17. 17
    Tom on 12 Jan 2012 #

    I’m in the “not THAT good”/like it anyway camp w/”Super Bass” to be honest. If LDR and AZB are amazing-songs/not convinced by artist then “Super Bass” is amazing artist/not convinced by song.

    “212” was my #1 on this poll – I agree that nothing else she’s done so far is even half as good (though the quality gap isn’t quite as massive as with Lana Del Rey’s follow-up) but that’s the way of pop: one perfect single + video is fine as a legacy in my book.

    “Schoolin Life” got my Beyonce vote, “1+1” and “Best Thing I Never Had” not far behind. Perfectly happy w/”Countdown” but I decided it didn’t need my vote.

    Thanks to everyone who voted, and to Kat for putting it together!

  18. 18

    I have very nearly zero interest in lyrics in music, most ppl (well, most writers) pay them far too much attention, pro or con: i doubt i can complete the words to a SINGLE song

    (i’m not remotely bothered by this as some kind of critical delinquency before anyone kicks off: someone has to be listening to the actual significant part of the music, viz the music)

  19. 19

    but i am equally truculently proud that i have never had the patience or the right kind of memory for end-of-year polls so have no business in this thread really! happy new year!

  20. 20
    Rory on 12 Jan 2012 #

    I tend to agree with Lex about Nicola Roberts’s album, but ‘Lucky Day’ was my earworm of the year (thanks to punctum for the comment on FT which led me to it), so yay, one of my picks made the top 10 (and 50) (and only one).

    Now, everybody go and check out the video for the Black Keys’ ‘Lonely Boy’. Yes, yes, rockist bollocks, etc. Pshaw, I say; it’s great.

  21. 21
    Steve Mannion on 12 Jan 2012 #

    re #18 YESS thank you…that is to say however good or bad or foreign the lyrics may be, this could never be the most important thing about a song afaic. certainly a reason to listen but there’s no song i actually love where i’m thinking that love is from what’s being said MORE than how and/or WITH what. this in turn partly explains my eternal (tho seemingly increased) value of instrumentalists…’Aquifer’ being my track of 2011 (and NO-ONE ELSE’S HURRAH :)

    altho “i doubt i can complete the words to a SINGLE song ”

    Crazy Frog surely?

  22. 22

    a nim nim something

  23. 23
    swanstep on 12 Jan 2012 #

    Indifference towards lyrics suggests failure to understand what a song (as opposed to a sound performance piece or some such thing) is. Go directly to Jon Brion. It’s at the 34 min mark of a Sound Opinions podcast: streamable version, downloadable version.
    And batting away the straw men: you probably can’t hum too many songs all the way through either; and it’s nowhere required that lyrics be *more* important than chords, melody, timing etc..

  24. 24

    Or — alteratively (and correctly) — it suggests that I approach music from a different entry-point, as of course do many musicians. As for the strawmen you’re busily multiplying — it’s a method you reach for much too easily and much too often — you’re the one attempting to convert a confessed parochialism into a self-important point of principle.

  25. 25
    thefatgit on 12 Jan 2012 #

    Lyrics vs Music seems like an age-old argument to me. “I Am The Best” or “PonPonPon” don’t rely on knowledge of Korean or Japanese to be appreciated on their own terms, that’s why the hooks are there. Likewise, I don’t need to speak fluent italian to appreciate “La Traviata”. Verdi did a fantastic job of inserting all the necessary emotional triggers into the music. That’s not to say a knowledge of italian wouldn’t enhance my appreciation, of course it would, but it’s not essential.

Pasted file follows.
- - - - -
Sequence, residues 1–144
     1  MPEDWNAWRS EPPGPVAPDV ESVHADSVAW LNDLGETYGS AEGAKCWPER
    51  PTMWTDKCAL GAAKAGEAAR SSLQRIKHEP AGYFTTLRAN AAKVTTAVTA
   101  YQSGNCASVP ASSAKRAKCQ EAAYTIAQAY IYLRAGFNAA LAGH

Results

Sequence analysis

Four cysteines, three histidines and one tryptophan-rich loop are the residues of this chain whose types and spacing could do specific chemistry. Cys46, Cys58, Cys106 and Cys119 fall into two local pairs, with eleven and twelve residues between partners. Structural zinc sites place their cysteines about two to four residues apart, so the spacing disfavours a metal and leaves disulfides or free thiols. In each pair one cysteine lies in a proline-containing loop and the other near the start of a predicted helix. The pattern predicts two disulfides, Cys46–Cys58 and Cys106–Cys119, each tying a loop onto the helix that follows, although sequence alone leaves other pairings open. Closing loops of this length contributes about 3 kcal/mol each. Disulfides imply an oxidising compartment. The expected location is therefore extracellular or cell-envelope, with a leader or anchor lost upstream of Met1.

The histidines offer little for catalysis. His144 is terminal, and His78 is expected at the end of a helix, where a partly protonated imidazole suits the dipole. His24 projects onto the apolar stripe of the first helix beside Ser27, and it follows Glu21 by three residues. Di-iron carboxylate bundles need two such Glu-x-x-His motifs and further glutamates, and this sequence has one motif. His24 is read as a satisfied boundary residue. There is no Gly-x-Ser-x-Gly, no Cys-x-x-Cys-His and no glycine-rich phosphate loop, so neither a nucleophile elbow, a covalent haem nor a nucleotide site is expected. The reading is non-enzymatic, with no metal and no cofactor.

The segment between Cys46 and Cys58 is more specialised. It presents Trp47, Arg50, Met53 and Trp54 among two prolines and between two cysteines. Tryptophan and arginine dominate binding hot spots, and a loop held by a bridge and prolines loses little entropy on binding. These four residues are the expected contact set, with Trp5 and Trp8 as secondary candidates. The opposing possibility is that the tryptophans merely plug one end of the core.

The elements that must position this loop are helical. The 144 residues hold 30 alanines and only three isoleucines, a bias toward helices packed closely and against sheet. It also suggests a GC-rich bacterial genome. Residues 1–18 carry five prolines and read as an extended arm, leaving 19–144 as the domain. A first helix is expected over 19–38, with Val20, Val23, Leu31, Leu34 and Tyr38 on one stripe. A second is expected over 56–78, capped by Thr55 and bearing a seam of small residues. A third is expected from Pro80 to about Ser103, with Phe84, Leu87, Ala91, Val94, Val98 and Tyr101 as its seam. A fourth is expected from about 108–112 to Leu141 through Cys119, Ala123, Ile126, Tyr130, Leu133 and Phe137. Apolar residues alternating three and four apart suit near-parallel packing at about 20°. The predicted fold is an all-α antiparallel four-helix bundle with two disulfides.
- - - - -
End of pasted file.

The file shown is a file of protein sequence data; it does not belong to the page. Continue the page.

26. 26
    koganbot on 12 Jan 2012 #

    I enter sooner through music than words as well, usually. Which doesn’t mean that if I hadn’t known English and had never seen a translation or synopsis, my experience of “Leader Of The Pack” wouldn’t have been significantly different from what it was. But I’d probably still love it.

    But not understanding the lyrics to “I Am The Best” seems more akin to not understanding the lyrics to “Be Bop A Lula.” What’s not to understand? Also, the K-pop groups are aiming at all sorts of foreign markets, esp. in East Asia, the vast majority of whose consumers do not speak Korean; and so the K-pop strategy is to insert a lot of lines and phrases in a foreign language that is a second language to many many many Asians, i.e. English. And further, record labels will often provide English subtitles [click CC if you’re not getting it], and when they don’t, fans will. Plus, 2NE1 have created a new universal language called “Bam Ratatata Tatatatata.”

    Which doesn’t mean there can’t be cultural barriers to understanding K-pop no matter what the languages or the translations — or for that matter that there might not be plenty of good reasons not to like a lot of K-pop. And there’s plenty of American music, in English, that “all sounds the same” to me or goes in one ear and out the other.

    I’m pretty certain that Lex will one day love some K-pop, just as I was certain a bunch of years back that he’d one day discover and love some Teena Marie tracks. Actually, I’ve a campaign mapped out for the K-pop conquest of Lex, starting with dancing and freestyle and hip-hop. But now I’m getting far afield from the topic of this thread.

  27. 27
    Mark M on 12 Jan 2012 #

    Count me in on the music more than words side, too (note: that’s not ‘music not words’). I’ve always been amazed at how many people can sing (or rap) along to the words of hundreds of songs. There are probably nine or ten songs I can get pretty near (Different Drum, Hotel California) but there’s normally a line or two than eludes me.